From what you eat to when you eat it, your diet can significantly impact your sleep quality. A diet high in refined carbohydrates, like sugars and processed grains, can increase the risk of insomnia. And the later you eat, the more you risk poor sleep quality.
Let’s take a look at how to eat for better sleep, including which foods you should favor for a good night’s rest.
Select the Right Times to Eat
Contrary to popular belief, snack time should not be just any time. Each time you consume food, your body releases insulin, which helps convert food into energy. If you eat too close to bedtime, this release of hormones can induce wakefulness in the brain that disrupts your circadian rhythm. Your circadian rhythm is your body’s natural clock that helps you fall and stay asleep.
In addition to sleep health, the time you eat can also impact your overall health. When you consume food too close to bedtime, you don’t allow your body time for proper digestion. This can spell disaster for the quarter of the U.S. population that suffers from gastroesophageal reflux disease (GERD).
GERD causes gastric contents, including stomach acid, to splash back into the esophagus and cause painful heartburn and even a dry cough. Without ample digestion time before bed, those with GERD can experience severe sleep-depriving discomfort once laying down. Research recommends allowing roughly four hours for food to digest and move out of the stomach.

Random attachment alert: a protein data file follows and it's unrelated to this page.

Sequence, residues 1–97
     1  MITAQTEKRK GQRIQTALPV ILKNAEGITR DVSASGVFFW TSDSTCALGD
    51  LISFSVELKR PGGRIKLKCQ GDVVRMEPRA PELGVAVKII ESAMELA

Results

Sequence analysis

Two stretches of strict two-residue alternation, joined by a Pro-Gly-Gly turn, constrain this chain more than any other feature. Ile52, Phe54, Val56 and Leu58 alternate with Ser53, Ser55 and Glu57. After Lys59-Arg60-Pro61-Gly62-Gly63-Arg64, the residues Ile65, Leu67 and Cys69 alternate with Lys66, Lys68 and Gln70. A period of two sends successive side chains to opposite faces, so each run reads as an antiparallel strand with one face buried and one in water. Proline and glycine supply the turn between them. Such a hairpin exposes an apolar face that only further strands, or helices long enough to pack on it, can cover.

Avoid Certain Foods
Now that you know when to eat let’s review the foods to avoid for better sleep. Items high in caffeine, like coffee, tea, and chocolate negatively impact both falling asleep and overall sleep quality. Any stimulating food or beverage with caffeine should be avoided before bed and consumed modestly throughout the day to prevent sleep troubles.
Since insulin plays a significant role in the body’s energy production, it can also induce wakefulness in the brain. So, avoid all high-sugar foods, including candy, ice cream, and soda. These items spike your blood sugar and evoke a strong insulin response that can disrupt sleep. Likewise, those prone to indigestion caused by GERD should also avoid spicy or high-acid foods like peppers and citrus that can cause a symptom flare-up.
Choose Foods That Promote Sleep
With a better understanding of which foods to avoid, you can begin to make healthy substitutions for better sleep. Opt for complex carbohydrate-rich foods, like whole-wheat bread, pasta, and rice. Research has shown that carbohydrate-rich foods like these can reduce the amount of time it takes to fall asleep and improve sleep quality.
You may also want to consider adding dinner ingredients that are high in Vitamin B6. Vitamin B6 plays a vital role in producing serotonin and melatonin in the brain, which aids in healthy and restful sleep. There is a wide variety of easily accessible foods high in Vitamin B6, including tuna, salmon, poultry, and various fruits and vegetables.
Change Your Diet, Change Your Sleep
Poor sleep health is not only frustrating, it’s debilitating. Fortunately, by switching up the time you eat and the foods you consume, you can significantly improve the quality of your sleep.